However, you can experience the landscape of this historic route without a grueling hike. Take the White Pass and Yukon Route train, which travels on a railway with origins from 1898 between Whitehorse and Skagway, Alaska. Excursions in these vintage passenger coaches include a round trip, an overnight at Bennett Lake, or a trip retracing the original White Pass route.
Fish and canoe the Southern Yukon
A stay at the rustically luxurious Dalton Trail Lodge on the Alaska Highway between Haines, Alaska, and Haines Junction offers up a host of adventure. The Lodge is located on Dezadeash Lake, and has jet boats, motor boats, and canoes for fishing the surrounding lakes and rivers.
Stay in an oTENTik at Kathleen Lake
Kathleen Lake is a popular campsite at the entrance to Kluane National Park and Reserve, a wild place of jagged mountains, icefields, grizzlies, and jewel lakes. Stay in one of Parks Canada’s new oTENTiks, the latest addition to the campsite. These wall tent-meets-cabin structures come complete with wood stove, wooden decks, firepit, adirondack chairs, cooking tent and picnic table, and comfortable bunks.
Hike the King’s Throne from here, one of Kluane’s most popular day hikes that offers a view out from the park over the lake. Those wanting more of an epic can keep heading up the steep, windy ridgeline route toward King’s Summit for a jaw-dropping view of Kluane’s peaks and valleys hidden behind the mountain.
Take a glacier flightseeing trip over Kluane National Park
Kluane is home to the largest non-polar ice field in the world — but it can’t be seen from the front range. Take a glacier flightseeing tour with Icefield Discovery to get a glimpse of this awesome expanse. A one-hour flight will take adventurers over the massive Kaskawulsh Glacier, spread out like an icy highway on the valley floor.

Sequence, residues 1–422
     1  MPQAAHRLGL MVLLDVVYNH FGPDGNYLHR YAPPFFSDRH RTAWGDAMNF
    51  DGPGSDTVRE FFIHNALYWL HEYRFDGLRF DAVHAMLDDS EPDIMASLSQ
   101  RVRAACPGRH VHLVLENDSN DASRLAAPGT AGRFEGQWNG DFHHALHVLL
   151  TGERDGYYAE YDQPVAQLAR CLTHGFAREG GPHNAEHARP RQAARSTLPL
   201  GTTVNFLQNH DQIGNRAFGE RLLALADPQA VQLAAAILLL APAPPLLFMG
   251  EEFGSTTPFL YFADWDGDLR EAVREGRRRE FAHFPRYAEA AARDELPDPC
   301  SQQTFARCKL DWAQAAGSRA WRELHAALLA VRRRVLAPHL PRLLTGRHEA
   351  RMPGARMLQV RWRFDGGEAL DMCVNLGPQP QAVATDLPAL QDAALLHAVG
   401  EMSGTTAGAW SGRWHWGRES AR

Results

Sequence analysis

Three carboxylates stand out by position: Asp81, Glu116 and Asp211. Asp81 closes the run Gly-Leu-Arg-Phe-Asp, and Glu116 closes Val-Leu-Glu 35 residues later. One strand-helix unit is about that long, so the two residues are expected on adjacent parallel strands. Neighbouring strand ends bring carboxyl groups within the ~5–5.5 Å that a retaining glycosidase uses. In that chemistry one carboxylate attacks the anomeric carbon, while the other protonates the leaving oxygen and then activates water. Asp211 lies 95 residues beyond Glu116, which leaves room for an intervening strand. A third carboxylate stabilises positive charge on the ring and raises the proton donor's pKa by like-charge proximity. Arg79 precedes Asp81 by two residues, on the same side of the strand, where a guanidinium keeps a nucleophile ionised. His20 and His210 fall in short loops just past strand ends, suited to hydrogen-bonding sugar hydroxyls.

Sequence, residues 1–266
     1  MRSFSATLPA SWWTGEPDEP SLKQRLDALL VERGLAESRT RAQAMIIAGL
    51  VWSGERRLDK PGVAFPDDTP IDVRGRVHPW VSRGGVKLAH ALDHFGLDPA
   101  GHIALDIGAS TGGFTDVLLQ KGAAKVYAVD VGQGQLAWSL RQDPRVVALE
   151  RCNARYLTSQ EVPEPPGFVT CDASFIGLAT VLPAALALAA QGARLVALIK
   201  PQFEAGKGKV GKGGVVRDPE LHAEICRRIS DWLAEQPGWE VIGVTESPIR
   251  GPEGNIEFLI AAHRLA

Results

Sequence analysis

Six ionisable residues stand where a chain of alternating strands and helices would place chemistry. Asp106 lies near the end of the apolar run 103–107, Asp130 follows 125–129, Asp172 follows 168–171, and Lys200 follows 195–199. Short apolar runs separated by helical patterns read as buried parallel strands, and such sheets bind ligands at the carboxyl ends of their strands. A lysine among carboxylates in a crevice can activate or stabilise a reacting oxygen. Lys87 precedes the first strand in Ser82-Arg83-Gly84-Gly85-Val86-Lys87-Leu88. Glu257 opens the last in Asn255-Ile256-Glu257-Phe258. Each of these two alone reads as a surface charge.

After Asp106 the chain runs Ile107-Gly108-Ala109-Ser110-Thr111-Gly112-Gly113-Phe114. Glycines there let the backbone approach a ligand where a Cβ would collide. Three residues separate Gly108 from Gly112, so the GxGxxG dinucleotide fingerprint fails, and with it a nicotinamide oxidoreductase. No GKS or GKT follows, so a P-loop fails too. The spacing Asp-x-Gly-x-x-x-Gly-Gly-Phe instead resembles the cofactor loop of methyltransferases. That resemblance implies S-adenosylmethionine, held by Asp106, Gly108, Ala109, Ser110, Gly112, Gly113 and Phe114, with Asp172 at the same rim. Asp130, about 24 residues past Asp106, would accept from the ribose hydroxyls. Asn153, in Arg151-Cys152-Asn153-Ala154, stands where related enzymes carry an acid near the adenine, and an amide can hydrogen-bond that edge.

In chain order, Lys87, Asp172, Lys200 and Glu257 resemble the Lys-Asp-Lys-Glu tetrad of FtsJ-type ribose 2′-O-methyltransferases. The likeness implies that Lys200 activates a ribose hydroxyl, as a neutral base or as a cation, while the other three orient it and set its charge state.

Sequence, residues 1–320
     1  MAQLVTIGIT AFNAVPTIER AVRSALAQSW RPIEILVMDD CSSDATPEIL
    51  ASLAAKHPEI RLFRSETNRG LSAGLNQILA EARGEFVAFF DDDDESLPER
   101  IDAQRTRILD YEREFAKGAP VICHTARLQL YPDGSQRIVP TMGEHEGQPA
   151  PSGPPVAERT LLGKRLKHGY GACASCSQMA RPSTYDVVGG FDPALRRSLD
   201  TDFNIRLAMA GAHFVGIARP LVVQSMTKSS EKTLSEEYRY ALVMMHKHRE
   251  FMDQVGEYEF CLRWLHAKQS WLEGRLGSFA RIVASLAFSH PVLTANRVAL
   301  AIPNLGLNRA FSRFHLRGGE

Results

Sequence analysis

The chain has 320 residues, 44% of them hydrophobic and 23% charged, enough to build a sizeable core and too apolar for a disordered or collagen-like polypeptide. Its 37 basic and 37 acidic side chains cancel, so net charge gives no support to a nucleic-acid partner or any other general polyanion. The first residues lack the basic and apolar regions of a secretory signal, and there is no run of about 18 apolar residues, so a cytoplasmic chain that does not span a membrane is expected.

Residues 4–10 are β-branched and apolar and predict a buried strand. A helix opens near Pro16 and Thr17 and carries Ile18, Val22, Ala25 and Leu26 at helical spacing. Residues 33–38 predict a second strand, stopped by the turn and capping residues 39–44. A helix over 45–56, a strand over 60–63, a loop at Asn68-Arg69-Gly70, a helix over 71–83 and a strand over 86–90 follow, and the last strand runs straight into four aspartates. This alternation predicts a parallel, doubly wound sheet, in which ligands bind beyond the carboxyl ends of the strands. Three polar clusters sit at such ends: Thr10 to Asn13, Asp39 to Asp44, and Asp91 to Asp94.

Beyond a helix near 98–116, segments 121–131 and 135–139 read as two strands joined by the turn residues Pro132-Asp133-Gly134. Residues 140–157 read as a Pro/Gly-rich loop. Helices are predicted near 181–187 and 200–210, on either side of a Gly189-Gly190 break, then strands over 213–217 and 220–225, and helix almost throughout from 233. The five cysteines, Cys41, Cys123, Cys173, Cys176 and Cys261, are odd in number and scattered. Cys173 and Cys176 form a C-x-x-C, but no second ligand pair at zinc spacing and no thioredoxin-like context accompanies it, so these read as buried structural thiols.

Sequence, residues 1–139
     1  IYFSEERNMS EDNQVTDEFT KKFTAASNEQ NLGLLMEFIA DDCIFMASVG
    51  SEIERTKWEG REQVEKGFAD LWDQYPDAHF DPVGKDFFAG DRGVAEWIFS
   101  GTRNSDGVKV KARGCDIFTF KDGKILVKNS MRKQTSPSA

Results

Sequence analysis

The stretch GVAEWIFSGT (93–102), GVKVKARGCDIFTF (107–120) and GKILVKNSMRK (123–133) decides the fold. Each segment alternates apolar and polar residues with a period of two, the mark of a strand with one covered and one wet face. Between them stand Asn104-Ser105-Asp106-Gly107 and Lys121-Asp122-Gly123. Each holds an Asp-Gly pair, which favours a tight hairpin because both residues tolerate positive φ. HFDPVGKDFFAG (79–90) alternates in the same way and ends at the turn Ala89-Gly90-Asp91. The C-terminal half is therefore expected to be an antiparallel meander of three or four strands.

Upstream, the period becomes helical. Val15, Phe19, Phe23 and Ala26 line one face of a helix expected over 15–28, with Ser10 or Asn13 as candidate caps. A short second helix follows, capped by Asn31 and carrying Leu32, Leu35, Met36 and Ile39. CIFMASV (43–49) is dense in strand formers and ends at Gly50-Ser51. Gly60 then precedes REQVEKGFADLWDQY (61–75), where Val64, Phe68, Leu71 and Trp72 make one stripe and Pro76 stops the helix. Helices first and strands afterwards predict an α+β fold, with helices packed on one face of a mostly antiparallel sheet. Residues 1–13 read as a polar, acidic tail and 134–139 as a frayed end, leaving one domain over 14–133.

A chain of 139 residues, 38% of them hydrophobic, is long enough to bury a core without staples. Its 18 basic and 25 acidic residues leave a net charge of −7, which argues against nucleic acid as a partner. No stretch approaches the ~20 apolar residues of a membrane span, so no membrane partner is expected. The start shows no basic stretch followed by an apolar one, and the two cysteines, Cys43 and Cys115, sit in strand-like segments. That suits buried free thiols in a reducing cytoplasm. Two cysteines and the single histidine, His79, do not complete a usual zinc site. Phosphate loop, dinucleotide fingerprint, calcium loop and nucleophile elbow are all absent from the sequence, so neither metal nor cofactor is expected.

Those with good timing, likely in June and July, will see towering Mount Logan, Canada’s highest peak, and have the opportunity to land at Icefield’s glacier camp.
Live the Gold Rush in Dawson City
Dawson City sprang up almost overnight during the Klondike Gold Rush, boasting 18,000 people by midsummer of 1898. Today only 1,400 people live in this windblown town at the intersection of the Yukon Highway down to Whitehorse, the unpaved Dempster Highway to the far north, and the Top of the World Highway that connects to the vast Canadian territory to Alaska.
The old west feel hits visitors right off the bat, as Dawson is only accessible via ferry from the Yukon Highway. All through the endless light of summer, the town’s colorful rows of old west historic buildings are bustling with people hoping to relive the gritty era of the Gold Rush. You can still pan for gold in many areas, or check out the old dredges that used to chew through the landscape. Be sure to check out Diamond Tooth Gerties for a Klondike-themed experience complete with cancan dancers, table gambling, slots, and convincingly authentic saloon atmosphere.